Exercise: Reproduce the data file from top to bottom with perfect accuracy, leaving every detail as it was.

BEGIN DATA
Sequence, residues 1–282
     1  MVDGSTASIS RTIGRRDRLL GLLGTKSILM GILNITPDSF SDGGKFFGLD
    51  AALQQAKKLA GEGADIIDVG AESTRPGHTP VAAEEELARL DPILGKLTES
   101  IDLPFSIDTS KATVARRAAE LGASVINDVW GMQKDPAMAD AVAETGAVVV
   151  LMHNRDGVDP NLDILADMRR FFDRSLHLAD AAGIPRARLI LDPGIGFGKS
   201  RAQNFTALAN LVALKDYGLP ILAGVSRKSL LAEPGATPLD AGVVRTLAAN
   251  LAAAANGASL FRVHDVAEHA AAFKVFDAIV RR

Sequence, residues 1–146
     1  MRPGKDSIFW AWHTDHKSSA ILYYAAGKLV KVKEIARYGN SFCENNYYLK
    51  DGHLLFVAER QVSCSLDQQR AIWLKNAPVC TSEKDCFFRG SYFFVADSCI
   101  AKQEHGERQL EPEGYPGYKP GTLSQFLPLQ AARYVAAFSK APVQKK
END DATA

Sequence, residues 1–282
     1  MVDGSTASIS RTIGRRDRLL GLLGTKSILM GILNITPDSF SDGGKFFGLD
    51  AALQQAKKLA GEGADIIDVG AESTRPGHTP VAAEEELARL DPILGKLTES
   101  IDLPFSIDTS KATVARRAAE LGASVINDVW GMQKDPAMAD AVAETGAVVV
   151  LMHNRDGVDP NLDILADMRR FFDRSLHLAD AAGIPRARLI LDPGIGFGKS
   201  RAQNFTALAN LVALKDYGLP ILAGVSRKSL LAEPGATPLD AGVVRTLAAN
   251  LAAAANGASL FRVHDVAEHA AAFKVFDAIV RR

Sequence, residues 1–146
     1  MRPGKDSIFW AWHTDHKSSA ILYYAAGKLV KVKEIARYGN SFCENNYYLK
    51  DGHLLFVAER QVSCSLDQQR AIWLKNAPVC TSEKDCFFRG SYFFVADSCI
   101  AKQEHGERQL EPEGYPGYKP GTLSQFLPLQ AARYVAAFSK APVQKK